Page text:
Our objective for today, Harney Peak, was a pure delight. We have spent so much time in the truck over the past two weeks that just getting out for a little leg stretcher was a welcome change of pace. The fact that the Harney Peak Trail was a wide, nicely graded woods trail which led to a historic lookout tower on the highest point in the state of South Dakota made it perfect.
Our trail started in Custer State Park, about 10 miles from our campground. We soon left the state park and entered the Black Elk Wilderness. After about three-quarters of a mile, we came to a rock outcropping which gave us a clear view of the lookout tower in the distance. We climbed steadily for the first mile or so, but then lost all the elevation we had gained over the next half mile. After crossing a small creek at the bottom of the decline, we headed uphill again. The last few hundred feet of our 3-mile trail was up a rock staircase built by the CCC when they built the lookout tower in 1939.
About half the trail is open to horse travel. There are some advantages to horse trails. Generally, they are a little wider than foot trails and they are also more gently graded. Those are pluses for the hiker, but the heavy weight of a horse can really tear up a dirt trail. This trail, however, did not have any significant damage due to horses. There were a few horse “piles”, of course, but there were none of the smelly mire pits that we often see in the wetter climate of the eastern mountains.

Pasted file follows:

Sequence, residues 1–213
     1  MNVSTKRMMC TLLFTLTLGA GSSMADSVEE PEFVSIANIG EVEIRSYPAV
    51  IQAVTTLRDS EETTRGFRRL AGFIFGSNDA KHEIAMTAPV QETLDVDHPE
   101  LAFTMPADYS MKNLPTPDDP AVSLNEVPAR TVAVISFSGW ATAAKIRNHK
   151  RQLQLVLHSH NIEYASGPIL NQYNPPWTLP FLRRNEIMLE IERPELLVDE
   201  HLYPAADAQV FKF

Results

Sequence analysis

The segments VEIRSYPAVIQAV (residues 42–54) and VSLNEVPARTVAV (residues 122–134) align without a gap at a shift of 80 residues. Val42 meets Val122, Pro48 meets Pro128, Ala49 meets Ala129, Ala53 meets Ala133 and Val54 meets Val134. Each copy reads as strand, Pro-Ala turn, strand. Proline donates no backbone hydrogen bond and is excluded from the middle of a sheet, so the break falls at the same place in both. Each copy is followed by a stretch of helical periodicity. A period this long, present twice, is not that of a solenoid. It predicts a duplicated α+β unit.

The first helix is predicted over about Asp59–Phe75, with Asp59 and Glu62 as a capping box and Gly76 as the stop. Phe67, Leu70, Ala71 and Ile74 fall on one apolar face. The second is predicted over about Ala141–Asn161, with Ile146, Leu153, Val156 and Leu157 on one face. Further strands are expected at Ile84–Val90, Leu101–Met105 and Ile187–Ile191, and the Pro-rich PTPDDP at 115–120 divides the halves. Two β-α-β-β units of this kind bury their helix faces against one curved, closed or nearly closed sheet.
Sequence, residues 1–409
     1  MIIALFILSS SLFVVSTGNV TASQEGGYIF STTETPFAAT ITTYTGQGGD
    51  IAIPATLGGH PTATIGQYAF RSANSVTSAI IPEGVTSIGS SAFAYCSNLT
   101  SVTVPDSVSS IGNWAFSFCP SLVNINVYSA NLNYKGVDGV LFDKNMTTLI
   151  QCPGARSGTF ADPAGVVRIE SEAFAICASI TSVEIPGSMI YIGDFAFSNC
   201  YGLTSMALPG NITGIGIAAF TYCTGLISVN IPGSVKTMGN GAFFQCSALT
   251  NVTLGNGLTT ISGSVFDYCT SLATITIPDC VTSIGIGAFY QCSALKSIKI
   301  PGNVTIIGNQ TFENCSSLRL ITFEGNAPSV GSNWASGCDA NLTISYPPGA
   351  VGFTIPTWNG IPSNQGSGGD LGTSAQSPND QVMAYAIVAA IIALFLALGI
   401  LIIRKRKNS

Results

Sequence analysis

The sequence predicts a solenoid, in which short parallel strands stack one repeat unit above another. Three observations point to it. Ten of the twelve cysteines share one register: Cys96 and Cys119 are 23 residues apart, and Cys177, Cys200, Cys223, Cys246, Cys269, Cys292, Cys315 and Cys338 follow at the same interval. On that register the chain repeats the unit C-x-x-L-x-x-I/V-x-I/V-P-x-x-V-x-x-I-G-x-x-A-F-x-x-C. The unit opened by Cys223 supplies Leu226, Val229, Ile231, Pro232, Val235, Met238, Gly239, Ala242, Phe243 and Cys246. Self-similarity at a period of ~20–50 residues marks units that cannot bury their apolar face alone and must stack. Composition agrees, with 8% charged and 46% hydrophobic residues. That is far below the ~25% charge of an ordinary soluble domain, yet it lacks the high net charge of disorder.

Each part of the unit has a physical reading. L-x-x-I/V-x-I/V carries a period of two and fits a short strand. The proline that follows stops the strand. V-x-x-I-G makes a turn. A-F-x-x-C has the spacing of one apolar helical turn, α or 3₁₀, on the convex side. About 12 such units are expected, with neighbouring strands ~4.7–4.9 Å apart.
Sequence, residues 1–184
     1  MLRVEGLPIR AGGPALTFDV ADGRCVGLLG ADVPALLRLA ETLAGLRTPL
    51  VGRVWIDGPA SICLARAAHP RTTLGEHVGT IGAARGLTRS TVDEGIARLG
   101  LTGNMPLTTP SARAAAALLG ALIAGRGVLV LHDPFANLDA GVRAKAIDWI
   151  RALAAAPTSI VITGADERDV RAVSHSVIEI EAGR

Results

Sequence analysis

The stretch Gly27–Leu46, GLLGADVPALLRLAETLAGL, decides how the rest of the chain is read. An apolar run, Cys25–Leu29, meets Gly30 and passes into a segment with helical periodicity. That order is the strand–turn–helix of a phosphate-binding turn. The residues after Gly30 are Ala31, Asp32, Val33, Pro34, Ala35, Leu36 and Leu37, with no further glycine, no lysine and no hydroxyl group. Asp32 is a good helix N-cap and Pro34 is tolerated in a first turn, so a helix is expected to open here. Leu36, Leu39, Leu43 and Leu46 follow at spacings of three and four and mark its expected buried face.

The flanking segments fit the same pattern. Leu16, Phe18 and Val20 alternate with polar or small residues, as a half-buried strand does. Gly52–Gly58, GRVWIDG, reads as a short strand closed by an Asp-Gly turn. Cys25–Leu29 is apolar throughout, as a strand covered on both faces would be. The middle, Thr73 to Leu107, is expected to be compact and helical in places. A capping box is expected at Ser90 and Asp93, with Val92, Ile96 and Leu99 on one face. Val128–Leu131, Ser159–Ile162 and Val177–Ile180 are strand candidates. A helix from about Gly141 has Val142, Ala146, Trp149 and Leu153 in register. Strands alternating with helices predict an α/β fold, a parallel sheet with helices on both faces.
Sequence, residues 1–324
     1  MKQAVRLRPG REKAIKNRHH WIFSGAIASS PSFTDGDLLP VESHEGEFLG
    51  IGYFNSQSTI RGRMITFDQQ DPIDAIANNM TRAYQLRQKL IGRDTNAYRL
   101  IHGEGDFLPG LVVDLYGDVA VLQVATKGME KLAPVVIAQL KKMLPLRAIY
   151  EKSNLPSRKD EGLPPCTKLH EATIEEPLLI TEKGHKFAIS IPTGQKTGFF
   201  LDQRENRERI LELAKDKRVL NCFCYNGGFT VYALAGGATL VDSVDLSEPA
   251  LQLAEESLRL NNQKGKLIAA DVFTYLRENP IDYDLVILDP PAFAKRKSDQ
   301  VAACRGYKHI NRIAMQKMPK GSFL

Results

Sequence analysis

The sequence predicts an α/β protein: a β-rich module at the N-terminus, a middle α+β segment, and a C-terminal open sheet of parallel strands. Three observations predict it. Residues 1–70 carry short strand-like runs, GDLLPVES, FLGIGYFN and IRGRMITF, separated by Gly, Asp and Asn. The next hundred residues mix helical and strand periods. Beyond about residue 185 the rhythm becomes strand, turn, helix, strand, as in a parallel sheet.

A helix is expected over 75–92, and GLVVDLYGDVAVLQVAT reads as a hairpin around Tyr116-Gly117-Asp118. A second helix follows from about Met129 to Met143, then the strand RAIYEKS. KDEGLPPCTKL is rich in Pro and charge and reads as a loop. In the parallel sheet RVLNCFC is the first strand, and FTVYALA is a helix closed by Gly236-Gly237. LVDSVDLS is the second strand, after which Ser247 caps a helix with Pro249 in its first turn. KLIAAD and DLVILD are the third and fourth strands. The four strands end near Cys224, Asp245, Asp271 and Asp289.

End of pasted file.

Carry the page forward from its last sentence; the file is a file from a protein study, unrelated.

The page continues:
|View from the top|
This historical fire lookout tower sits atop Harney Peak which rises in the Black Hills to an elevation of 7242 feet. I was surprised to read the plaque on the entrance to the tower which stated this to be the highest peak east of the Rockies. The views were magnificent on this clear day. This is a popular trail in this area and there were several others on the peak. We stayed for about half an hour enjoying the view, the great weather, and our lunch.
Back at the truck, we both agreed, this was a very nice hike.
Tomorrow, we have a few chores to do. If we can drag ourselves out of bed early, we may drive the wildlife loop at Custer State Park.